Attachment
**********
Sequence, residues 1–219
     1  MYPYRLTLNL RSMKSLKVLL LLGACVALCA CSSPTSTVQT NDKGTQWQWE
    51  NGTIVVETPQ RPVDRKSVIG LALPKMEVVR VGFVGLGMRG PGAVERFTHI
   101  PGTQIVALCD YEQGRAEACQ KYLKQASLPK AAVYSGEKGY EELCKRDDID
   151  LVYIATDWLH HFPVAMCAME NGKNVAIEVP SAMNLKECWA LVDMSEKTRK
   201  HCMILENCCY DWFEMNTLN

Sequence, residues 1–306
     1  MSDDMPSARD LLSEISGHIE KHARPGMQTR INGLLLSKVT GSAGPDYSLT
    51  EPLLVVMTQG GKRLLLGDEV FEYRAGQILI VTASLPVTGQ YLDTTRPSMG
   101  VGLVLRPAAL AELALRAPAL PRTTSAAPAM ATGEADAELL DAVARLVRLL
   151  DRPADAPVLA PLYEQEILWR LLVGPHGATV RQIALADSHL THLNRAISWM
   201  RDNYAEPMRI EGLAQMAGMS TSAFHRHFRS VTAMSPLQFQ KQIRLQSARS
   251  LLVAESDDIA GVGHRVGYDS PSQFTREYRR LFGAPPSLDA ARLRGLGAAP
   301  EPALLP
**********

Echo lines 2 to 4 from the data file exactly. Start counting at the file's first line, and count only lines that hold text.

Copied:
     1  MYPYRLTLNL RSMKSLKVLL LLGACVALCA CSSPTSTVQT NDKGTQWQWE
    51  NGTIVVETPQ RPVDRKSVIG LALPKMEVVR VGFVGLGMRG PGAVERFTHI
   101  PGTQIVALCD YEQGRAEACQ KYLKQASLPK AAVYSGEKGY EELCKRDDID